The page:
I spent the better part of this afternoon in Southwest Florida looking at potential acquisitions, driving between towns and counties in this humid, deserted vacation spot, touring beaten-down apartment properties awaiting rescue (or something like it).
The maintenance supervisor from my Naples property came along and led me, after our work was done, on a tour of Ave Maria, aka "Tom's Square," the holy apostolic, virgin-birthed university/town, brainchild of Tom Monaghan, he of Domino's Pizza and Detroit and "Theological Renewal," in no particular order.
The town itself is nearly deserted, especially at this time of year. Recent reports attest to the troubles the university has endured, and when you see how hard it is to get to, and to fathom, you understand why.
As we drove down Pope John Paul II Boulevard and circled the mitre-shaped cathedral, my trusted employee and guide said, "Kinda gives ya the creeps, don't it?"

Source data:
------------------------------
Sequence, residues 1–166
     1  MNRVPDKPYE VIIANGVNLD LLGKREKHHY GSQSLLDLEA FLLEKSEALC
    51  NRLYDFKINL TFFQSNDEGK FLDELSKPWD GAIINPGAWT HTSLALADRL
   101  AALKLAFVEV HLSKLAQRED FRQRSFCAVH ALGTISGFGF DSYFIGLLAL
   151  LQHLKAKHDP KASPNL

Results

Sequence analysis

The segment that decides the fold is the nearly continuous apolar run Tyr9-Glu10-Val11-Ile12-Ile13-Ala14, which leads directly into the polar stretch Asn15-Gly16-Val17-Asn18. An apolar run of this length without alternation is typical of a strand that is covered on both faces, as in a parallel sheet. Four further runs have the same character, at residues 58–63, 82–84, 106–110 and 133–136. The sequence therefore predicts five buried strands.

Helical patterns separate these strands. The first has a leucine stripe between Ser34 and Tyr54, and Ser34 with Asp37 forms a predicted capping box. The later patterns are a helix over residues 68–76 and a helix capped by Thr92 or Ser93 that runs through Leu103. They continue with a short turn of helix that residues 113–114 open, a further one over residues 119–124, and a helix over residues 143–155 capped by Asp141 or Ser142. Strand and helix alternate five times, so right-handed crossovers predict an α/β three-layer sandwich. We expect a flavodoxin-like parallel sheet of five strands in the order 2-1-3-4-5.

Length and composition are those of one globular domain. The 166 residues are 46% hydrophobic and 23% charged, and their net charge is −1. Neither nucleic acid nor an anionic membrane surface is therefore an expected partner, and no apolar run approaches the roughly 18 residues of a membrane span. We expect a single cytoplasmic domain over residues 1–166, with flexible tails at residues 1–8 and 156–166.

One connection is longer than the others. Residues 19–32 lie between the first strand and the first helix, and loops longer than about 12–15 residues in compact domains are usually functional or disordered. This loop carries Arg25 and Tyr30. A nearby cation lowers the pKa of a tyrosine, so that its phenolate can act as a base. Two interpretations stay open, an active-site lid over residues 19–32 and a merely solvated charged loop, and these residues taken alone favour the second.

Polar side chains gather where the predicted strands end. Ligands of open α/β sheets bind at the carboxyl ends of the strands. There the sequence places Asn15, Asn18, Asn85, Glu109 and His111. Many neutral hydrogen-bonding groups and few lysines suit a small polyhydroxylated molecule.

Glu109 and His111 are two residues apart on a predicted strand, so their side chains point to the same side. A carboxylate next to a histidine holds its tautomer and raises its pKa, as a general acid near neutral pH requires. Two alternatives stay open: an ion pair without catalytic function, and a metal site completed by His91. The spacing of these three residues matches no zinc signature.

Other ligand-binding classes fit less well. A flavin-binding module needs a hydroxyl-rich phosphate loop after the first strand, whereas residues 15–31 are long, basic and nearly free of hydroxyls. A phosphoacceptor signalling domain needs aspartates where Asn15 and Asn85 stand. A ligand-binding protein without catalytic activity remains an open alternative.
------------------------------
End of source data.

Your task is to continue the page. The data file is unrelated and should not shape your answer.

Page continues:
"You have no idea," I said. "Quick, give me your hat, so I can hide my horns."
One can almost taste Monahan's grand vision: a renewal of traditional Catholicism, born out of splendid isolation, in a place where devotion could set down deep roots, where God State University and the University of God could develop a chivalrous yet fierce rivalry, and where everyone was just as devoted, as fervent, as dogged and rooted in dogma as everyone else.
"Of course," I said to my traveling companion, "we Jews are to blame for all this. After all, who do you think the first Catholics were?"
And in a way, Ave Maria is a 21st-century shtetl, devoted to its own path and yet dependent, in some small way, on its distant neighbors.
My maintenance supervisor and I have determined that I will get a costume of Chasidic garb, and that he will take a picture of me, smiling and waving, at the entrance to John Paul II Avenue.